The times and their tenor

by Jen Currin

Toronto: House of Anansi, 2024 
$22.99 / 9781487011895 

Reviewed by Carellin Brooks


“Beach read” as a descriptor typically dismisses something as light and frothy, suitable for a hot day and immediate forgetting afterwards. And the phrase does fit Jen Currin’s Disembark, to a point.

Currin (Hider/Seeker) opens this fun, sprightly collection of short stories with a standard tale of tangled lesbian romances, fittingly titled “The Golden Triangle.” Young women meet and move into and out of each others’ lives, dating each other’s exes, having threesomes, and juggling multiple girlfriends. As one character remarks of her decision to move across the country: “There were women she hadn’t slept with yet, a huge, seemingly endless pool—an ocean, really.”

“Joey, When She Knew Him” describes another tangle: lesbians and gay men’s. At first comes recognition: “There was something endearing about his bedraggledness, his shy smile—she could tell right away he was family.” But bedraggled Joey, who “used to tell her all the time that he loved her,” eventually finds a husband and a new name, and his defection reminds the narrator—still poor, alone, and now middle-aged—of another friendship in high school with Michael, a young gay man. That one ended badly too, with the arrival of an attractive love interest of indeterminate gender, Mitch. The trio end up in a threesome, but it’s Michael that Mitch chooses. The soapy vibe is undercut by Sid’s sorrow at the loss, not only of Mitch but of Michael, and, by implication, all those men who choose each other over their lesbian sisters.  

Author Jen Currin (photo: Sarah Race Photography)

“The Dean Regrets” contrasts the jaded corporate-speak of the modern post-secondary institution (that Currin must know first-hand: they’re an instructor at Kwantlen Polytechnic University) with the layoffs, lost benefits, and decades-long union battles that are the reality for any adjunct. The main character, Laurel, is fobbed off with empty platitudes during an impromptu meeting with the new dean—a man of all style and no substance—before returning to a shared office and a previously issued layoff notice. Laurel’s subsequent resignation and self-blame feel familiar to anyone, this reader not excepted, who has ever worked in such a setting. “No matter how shitty this news is,” Laurel observes wearily, brandishing a pile of damp student papers, “I still have to get my grading done.”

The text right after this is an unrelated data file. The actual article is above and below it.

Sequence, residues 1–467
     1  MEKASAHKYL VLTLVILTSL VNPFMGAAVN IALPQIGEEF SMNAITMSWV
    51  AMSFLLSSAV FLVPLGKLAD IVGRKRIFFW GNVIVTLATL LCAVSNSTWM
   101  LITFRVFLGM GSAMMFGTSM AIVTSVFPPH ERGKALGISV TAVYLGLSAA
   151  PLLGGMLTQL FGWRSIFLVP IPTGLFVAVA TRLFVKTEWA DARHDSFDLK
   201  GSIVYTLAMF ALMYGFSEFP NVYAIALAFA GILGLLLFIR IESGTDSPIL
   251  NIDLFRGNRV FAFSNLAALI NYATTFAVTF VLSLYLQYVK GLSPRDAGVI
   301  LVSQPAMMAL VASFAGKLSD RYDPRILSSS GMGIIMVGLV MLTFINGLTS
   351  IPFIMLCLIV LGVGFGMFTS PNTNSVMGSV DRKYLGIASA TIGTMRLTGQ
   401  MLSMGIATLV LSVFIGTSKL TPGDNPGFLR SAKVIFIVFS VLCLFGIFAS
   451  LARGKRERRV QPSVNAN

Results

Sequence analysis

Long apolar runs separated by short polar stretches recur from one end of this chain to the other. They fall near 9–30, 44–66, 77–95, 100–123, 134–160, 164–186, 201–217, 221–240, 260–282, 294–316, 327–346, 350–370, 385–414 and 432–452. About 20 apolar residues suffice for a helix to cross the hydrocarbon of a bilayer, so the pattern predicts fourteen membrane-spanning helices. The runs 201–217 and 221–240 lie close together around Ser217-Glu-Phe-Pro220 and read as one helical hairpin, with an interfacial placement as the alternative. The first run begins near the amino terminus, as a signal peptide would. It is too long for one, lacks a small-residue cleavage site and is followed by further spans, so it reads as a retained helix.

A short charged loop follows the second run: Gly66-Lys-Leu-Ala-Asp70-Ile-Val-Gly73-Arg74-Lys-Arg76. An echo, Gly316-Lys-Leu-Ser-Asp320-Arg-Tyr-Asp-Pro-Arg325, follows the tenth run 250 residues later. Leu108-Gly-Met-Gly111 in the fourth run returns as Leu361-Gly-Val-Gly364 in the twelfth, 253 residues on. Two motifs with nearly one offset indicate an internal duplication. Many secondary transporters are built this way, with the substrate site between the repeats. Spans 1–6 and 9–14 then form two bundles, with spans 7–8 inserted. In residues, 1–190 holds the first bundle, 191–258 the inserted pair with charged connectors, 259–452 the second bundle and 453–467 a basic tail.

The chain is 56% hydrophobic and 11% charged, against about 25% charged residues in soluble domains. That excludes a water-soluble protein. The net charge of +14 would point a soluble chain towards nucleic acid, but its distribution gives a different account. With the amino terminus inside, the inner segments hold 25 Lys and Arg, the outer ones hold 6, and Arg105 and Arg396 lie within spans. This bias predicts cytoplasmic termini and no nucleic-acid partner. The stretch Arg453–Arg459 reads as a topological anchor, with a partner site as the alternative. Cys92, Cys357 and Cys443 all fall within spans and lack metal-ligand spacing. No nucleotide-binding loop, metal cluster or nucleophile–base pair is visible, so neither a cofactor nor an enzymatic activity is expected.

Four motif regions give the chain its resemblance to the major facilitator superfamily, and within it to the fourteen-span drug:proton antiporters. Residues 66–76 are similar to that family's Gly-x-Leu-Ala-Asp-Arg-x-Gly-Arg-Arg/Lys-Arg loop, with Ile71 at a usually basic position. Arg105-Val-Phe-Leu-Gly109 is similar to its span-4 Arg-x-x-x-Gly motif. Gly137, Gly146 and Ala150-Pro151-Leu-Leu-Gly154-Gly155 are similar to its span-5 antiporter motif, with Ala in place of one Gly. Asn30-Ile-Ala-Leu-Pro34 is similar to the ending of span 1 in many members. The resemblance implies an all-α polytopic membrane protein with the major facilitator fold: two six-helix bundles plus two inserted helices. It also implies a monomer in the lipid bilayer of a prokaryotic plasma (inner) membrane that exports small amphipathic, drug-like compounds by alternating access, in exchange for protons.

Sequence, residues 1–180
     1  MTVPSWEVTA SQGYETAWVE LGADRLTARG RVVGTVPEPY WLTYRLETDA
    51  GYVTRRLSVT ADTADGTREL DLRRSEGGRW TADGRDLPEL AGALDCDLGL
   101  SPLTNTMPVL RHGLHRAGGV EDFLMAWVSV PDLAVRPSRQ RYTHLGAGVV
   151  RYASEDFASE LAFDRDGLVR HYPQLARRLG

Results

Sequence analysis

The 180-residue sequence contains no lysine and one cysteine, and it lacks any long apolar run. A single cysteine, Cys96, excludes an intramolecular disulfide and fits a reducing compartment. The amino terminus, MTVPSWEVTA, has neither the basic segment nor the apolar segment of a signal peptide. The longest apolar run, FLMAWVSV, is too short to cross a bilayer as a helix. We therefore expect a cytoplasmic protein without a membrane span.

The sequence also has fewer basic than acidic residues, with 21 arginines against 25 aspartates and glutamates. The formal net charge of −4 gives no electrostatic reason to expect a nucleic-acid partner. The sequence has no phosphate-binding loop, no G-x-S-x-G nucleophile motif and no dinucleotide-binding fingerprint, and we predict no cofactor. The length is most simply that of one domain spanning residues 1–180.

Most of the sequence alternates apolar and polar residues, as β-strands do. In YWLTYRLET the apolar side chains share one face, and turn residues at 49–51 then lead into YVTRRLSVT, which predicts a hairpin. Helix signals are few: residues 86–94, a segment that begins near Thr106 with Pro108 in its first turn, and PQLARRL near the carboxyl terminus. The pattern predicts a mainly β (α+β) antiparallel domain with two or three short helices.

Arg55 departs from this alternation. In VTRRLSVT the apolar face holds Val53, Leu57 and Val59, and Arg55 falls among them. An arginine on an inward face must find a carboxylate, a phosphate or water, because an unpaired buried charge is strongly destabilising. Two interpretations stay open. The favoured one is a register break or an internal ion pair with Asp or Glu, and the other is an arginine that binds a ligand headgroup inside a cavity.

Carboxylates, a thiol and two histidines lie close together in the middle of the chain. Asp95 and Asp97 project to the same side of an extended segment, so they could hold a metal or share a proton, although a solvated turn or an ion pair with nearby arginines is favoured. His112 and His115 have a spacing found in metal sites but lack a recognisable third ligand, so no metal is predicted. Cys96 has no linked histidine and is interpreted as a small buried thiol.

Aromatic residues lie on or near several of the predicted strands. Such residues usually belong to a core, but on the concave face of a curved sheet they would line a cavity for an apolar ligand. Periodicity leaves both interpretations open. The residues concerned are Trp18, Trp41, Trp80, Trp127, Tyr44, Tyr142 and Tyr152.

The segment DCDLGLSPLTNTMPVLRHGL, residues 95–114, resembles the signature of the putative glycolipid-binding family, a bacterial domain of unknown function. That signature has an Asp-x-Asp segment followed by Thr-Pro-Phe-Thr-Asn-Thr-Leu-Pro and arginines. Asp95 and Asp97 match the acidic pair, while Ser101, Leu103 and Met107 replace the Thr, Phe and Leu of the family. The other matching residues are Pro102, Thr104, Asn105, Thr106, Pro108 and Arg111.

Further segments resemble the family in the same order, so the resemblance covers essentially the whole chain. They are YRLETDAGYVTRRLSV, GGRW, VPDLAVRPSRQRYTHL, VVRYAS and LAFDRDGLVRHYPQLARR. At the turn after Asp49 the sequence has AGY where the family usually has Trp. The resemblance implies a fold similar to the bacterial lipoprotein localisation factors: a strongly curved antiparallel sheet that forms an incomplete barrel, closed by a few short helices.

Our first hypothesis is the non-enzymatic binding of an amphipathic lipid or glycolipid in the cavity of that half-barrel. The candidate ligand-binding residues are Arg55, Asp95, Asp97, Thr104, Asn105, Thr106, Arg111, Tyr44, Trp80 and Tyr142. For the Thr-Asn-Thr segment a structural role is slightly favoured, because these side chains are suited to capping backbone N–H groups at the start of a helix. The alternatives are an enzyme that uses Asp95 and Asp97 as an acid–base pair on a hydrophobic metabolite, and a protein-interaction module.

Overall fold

Relationships are the keynote of these stories, whether with the girlfriend who makes lasagna to solace Laurel, a mad brother, a living mother, or one who, in the titular final story of the collection, having passed over herself, becomes the main character’s guide to the spirit world beyond. 

The afterlife, it turns out, is very much like our everyday world: there are laptops, cigarettes, cellphones, and panel discussions where newcomers are required to explain why they died and how. As the mother and her offspring, Jo, bicker, Jo’s end is gradually revealed: “And suddenly you can feel the air turning to vicious wind, sluicing through you as you race downward toward the stench of rushing water, oil, and garbage. You remember thinking ‘I must be about to hit’ three times before you actually did.” Why did Jo do it? Because, perhaps like the mother herself, they “just wanted to disappear.”